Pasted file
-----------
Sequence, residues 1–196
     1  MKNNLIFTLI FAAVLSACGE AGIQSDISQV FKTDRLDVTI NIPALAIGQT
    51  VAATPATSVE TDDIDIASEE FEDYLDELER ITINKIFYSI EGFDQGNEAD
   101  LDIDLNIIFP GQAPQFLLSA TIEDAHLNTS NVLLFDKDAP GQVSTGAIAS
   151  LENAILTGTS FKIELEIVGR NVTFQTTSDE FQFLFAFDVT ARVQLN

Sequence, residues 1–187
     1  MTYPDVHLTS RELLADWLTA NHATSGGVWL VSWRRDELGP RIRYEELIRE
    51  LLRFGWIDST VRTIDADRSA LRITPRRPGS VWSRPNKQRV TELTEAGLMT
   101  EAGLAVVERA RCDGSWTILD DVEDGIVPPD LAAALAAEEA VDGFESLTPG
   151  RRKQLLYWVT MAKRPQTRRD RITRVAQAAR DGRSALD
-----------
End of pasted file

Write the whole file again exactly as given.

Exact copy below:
Sequence, residues 1–196
     1  MKNNLIFTLI FAAVLSACGE AGIQSDISQV FKTDRLDVTI NIPALAIGQT
    51  VAATPATSVE TDDIDIASEE FEDYLDELER ITINKIFYSI EGFDQGNEAD
   101  LDIDLNIIFP GQAPQFLLSA TIEDAHLNTS NVLLFDKDAP GQVSTGAIAS
   151  LENAILTGTS FKIELEIVGR NVTFQTTSDE FQFLFAFDVT ARVQLN

Sequence, residues 1–187
     1  MTYPDVHLTS RELLADWLTA NHATSGGVWL VSWRRDELGP RIRYEELIRE
    51  LLRFGWIDST VRTIDADRSA LRITPRRPGS VWSRPNKQRV TELTEAGLMT
   101  EAGLAVVERA RCDGSWTILD DVEDGIVPPD LAAALAAEEA VDGFESLTPG
   151  RRKQLLYWVT MAKRPQTRRD RITRVAQAAR DGRSALD